awhile I think that we all needed it
PAGE IMAGE yesterday I was sent out as a scout
to see if there was any thing wrong
around the camp well I poked around
untill (until) I got away from camp about
four miles I saw a man over to a house
chopping wood I went over to where he
was and sat down and had quite a
talk with him he said that he was
a true yankee and I thought that
he was a true union man he asked
me to go in and warm I went in and
took a seat the woman enquired
what reg' I belonged to and where
I was from and I told her where I was
from my name and that my
Father's name was Luther Welch (Welch, Luther)
she jumped from her chair and
took my hand and said she young
man did you know that you
were talking with your cousin
my cousin said I that cant be for
I had no doubt but what
PAGE IMAGE the woman was crasy (crazy) but I
soon found diferent (different) I found
out that I was at Mr Holester (Holester (Mr.))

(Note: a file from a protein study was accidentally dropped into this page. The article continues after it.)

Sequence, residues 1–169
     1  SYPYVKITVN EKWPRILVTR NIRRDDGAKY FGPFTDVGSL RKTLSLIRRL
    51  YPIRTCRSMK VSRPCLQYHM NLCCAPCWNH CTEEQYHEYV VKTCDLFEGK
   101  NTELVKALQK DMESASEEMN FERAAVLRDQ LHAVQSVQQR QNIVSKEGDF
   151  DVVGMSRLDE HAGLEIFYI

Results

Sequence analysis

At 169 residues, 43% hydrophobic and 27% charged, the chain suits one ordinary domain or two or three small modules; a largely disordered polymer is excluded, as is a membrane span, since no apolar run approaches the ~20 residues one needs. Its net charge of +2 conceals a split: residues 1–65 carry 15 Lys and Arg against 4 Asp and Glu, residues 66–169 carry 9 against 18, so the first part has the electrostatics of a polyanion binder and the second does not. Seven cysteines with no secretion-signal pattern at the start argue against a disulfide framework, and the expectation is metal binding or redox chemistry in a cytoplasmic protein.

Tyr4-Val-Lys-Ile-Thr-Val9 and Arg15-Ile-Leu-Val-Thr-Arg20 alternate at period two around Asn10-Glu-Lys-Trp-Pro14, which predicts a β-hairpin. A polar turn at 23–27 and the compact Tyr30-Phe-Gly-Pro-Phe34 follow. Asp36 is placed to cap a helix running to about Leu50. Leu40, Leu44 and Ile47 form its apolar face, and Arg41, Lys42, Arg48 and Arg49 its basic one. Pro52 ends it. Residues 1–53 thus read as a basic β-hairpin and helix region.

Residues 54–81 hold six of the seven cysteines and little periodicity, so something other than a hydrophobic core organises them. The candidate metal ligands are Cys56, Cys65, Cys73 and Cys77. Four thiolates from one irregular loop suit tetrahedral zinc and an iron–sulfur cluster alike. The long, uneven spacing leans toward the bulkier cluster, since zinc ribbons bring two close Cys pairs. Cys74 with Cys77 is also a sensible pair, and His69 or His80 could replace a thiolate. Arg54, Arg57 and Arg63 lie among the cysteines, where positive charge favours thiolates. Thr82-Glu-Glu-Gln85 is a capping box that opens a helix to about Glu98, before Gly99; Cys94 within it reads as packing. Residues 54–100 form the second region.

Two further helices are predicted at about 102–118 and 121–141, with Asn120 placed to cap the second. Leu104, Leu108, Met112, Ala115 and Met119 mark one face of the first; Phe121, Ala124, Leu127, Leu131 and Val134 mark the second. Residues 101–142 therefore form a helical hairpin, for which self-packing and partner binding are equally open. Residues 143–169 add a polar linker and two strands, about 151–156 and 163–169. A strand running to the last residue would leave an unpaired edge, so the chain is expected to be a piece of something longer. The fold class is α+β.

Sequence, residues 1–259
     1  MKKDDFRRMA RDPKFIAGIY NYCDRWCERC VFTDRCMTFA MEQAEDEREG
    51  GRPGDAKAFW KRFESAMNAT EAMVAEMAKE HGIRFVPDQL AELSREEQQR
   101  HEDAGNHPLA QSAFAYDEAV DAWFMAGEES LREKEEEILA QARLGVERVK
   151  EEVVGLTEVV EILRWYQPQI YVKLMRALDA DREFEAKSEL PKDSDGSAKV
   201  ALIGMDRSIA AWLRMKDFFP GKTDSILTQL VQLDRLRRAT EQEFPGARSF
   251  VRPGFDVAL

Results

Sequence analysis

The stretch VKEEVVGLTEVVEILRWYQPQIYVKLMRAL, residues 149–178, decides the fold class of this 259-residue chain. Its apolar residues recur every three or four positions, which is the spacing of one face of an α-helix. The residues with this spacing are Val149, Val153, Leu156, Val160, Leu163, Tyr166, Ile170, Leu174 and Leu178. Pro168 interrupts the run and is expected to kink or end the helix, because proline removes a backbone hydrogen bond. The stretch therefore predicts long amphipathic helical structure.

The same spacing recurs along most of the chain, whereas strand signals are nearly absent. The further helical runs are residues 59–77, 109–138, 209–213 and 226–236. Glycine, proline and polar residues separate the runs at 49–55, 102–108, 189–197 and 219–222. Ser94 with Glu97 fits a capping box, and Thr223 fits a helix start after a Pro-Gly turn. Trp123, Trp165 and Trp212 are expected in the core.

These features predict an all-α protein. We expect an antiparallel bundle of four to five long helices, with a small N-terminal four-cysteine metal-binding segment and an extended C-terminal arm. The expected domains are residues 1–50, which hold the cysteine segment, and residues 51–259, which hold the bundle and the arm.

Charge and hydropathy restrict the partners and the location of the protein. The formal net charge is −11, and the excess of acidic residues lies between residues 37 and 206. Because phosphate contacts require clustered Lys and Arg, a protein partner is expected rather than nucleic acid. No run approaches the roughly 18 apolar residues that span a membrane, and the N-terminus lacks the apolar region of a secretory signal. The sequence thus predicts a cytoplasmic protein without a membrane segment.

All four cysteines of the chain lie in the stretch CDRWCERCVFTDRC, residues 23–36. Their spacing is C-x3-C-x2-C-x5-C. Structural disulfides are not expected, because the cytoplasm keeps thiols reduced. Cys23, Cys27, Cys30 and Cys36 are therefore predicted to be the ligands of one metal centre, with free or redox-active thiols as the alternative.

s I have heard you speak of him
I think! they are very nice
folks, I think! I had a good
visit with Mrs Holester (Holester (Mrs.)) she
asked me more questions than
I could answer in a week I eat
supper and bid them good bye
and started campward I tell
you that supper made me
think of home they sent
their best respects to you all
and to all the folks up there
they urged me to stay all
night but that would not
do I think if we stay here
long I will go over ther (there) again
from them I learned that
we are encamped on land owned
by Ansel Whedon (Whedon, Ansel) who used
to live here his house is puled (pulled)
down and things have gone to
rack (wreck) fences are burned and
it looks rather desolate around
PAGE IMAGE we dont get much war news lately
I hear that Mcclelan (McClellan, George Brinton (General)) is about
coming in command once more
I for one hope he will I think
he is the ablest General that
the north has Well John (Welch, John) I
received your letters last night
I was very glad to hear from
you Sarah (Sarah) wrote that there was
to be a donation up there
I am most afraid that I shall
not get up there in time if I dont you may
make up your mind that if
I have the good luck to get
home all right that I shall
make up loss (lost) time that's all
but we have about thirty two